Writing about sailing. Even when we don’t so desperately need an escape from the world, does it get any better?
I’ve written both fact and fiction that revolve around sailing, but my latest short story, Sail Your Worries Away, might just be my favorite so far—and now it’s available, in full, to blog subscribers. But first, here’s how it came to be.
Early on in the writing of what would become Ferry to Cooperation Island (launching next week, here’s how to pre-order!), I wrote two sailing scenes that I thought would move the story forward. I don’t remember the original spark, but putting characters on boats always helps me get to know them. (Maybe I just needed an escape from the world that day, too.)
Early in the revision process, though, I realized one of the scenes was a useless darling that needed to be edited out. Sometime after that, I realized the second also needed to go. The result was a much stronger book—my best yet. But I kept thinking about those two sailing scenes; how could I share them with others in need of a sailing escape?
Rewrite to prequel
It wasn’t until a few months ago that I realized: woven together, those two scenes could form a very nice sailor-focused prequel. Defined as “a story or movie containing events that precede those of an existing work,” prequels are a bookend to that much more common term, “sequel.” (I’m working on that, but you’ll have to be patient.)
After a bit (okay, a lot) of editing and tweaking, it’s now my favorite short story. It takes place a month before the novel begins, on a surprisingly warm April day that’s perfect for the first sail of the season. It also provides a sailing tour of Brenton Island, because the most obvious afternoon/evening sail out of Brenton Harbor is a clockwise circumnavigation. And though it contains no spoilers, it does provide a nice insight into two of the characters that show up in Ferry to Cooperation Island (here’s how to pre-order!).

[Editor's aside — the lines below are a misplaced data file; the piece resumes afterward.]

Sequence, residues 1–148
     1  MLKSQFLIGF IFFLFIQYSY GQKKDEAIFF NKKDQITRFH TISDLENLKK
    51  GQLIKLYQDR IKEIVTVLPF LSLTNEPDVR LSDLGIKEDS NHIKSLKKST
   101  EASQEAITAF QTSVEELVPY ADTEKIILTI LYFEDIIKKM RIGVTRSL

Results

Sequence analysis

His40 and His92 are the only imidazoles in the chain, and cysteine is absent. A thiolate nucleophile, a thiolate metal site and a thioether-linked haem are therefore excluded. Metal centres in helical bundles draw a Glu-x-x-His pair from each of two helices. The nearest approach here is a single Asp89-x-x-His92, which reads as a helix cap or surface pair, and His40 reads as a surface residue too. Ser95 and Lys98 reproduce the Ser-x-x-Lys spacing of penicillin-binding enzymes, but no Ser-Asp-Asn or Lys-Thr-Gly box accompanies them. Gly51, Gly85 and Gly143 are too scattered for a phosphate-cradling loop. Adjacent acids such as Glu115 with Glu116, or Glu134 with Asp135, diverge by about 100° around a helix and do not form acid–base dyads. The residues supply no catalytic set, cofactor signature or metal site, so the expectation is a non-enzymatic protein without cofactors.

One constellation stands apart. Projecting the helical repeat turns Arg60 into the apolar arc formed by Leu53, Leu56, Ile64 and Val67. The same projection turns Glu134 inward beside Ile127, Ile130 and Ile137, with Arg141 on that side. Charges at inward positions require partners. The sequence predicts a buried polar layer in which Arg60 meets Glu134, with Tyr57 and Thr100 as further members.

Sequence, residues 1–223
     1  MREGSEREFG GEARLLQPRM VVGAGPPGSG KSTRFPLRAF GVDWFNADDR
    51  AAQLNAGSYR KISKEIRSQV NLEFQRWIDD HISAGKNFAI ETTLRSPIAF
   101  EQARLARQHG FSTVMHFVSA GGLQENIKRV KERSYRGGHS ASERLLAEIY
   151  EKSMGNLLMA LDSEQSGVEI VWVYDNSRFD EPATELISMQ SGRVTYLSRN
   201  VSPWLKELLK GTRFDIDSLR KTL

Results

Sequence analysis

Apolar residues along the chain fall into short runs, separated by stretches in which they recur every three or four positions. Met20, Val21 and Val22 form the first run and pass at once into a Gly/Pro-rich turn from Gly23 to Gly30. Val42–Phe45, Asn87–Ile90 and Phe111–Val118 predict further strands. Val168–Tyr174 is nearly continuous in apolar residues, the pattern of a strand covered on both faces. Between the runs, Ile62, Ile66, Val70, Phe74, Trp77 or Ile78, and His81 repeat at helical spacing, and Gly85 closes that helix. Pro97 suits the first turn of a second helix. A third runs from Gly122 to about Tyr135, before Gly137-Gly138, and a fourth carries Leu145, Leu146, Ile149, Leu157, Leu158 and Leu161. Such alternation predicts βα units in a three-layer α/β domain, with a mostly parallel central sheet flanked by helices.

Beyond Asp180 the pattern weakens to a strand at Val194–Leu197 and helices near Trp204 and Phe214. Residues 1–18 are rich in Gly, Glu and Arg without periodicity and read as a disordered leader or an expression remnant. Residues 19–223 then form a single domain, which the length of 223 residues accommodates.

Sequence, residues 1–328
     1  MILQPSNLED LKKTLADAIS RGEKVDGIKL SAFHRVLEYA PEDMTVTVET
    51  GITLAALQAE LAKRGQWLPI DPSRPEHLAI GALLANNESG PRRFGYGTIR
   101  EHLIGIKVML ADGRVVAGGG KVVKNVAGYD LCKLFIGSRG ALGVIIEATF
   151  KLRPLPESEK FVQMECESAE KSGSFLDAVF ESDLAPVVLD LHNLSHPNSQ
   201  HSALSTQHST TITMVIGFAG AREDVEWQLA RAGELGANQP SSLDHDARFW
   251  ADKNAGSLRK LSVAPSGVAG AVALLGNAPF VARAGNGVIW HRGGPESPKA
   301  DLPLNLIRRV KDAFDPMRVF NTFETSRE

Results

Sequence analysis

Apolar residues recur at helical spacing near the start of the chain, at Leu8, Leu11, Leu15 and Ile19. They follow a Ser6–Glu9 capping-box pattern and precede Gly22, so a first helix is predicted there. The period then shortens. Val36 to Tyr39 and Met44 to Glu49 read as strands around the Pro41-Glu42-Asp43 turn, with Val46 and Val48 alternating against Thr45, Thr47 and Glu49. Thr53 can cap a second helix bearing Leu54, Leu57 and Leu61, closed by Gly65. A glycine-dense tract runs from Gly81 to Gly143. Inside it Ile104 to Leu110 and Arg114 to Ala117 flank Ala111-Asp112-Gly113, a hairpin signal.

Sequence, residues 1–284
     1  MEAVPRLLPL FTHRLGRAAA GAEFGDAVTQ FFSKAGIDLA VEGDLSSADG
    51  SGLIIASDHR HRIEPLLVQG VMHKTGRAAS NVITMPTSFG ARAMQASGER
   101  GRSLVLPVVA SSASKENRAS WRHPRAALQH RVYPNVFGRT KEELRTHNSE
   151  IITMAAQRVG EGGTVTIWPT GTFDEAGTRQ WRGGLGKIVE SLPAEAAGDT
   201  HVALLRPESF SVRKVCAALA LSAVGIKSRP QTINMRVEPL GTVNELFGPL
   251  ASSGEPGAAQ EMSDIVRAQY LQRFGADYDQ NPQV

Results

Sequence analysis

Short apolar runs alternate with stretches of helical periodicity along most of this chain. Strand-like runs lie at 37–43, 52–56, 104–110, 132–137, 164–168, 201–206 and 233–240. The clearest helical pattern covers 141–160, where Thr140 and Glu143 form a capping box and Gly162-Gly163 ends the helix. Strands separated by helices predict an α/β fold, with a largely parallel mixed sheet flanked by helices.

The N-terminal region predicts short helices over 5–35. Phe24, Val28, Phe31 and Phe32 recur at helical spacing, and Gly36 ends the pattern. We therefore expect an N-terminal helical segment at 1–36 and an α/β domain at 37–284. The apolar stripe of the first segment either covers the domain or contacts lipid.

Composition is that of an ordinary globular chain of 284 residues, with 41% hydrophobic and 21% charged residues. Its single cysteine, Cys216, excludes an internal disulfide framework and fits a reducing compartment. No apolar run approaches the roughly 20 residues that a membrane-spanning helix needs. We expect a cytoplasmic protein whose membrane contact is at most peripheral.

The cover photo
Editing finished, I went in search of a cover photo—and stumbled onto a pertinent piece of family history. My father took this photo; his father is steering. The boat is a Pearson Vanguard that arrived the same day I was born; my mother, seated to leeward, likes to say that “both were grossly overdue.” (Duffy, the family dog, only smiled when not heeling.)
Though the boat in Sail Your Worries Away is a Triton (the Vanguard’s little sister), the view from the aft end of the cockpit would’ve been quite similar. Best of all, the photo captures that fresh-ocean-air escape that is always the best reward for leaving the mooring.
Sail Your Worries Away
I’ve serialized Sail Your Worries Away into three parts on my Facebook author page, but as a special thanks to blog subscribers here’s a link to the full story (password: SailAway2020). Thanks so much for reading, and I look forward to your comments.
PPS: If you prefer a writer’s prequel, read No Muse Is an Island (password: NOMUSE2020)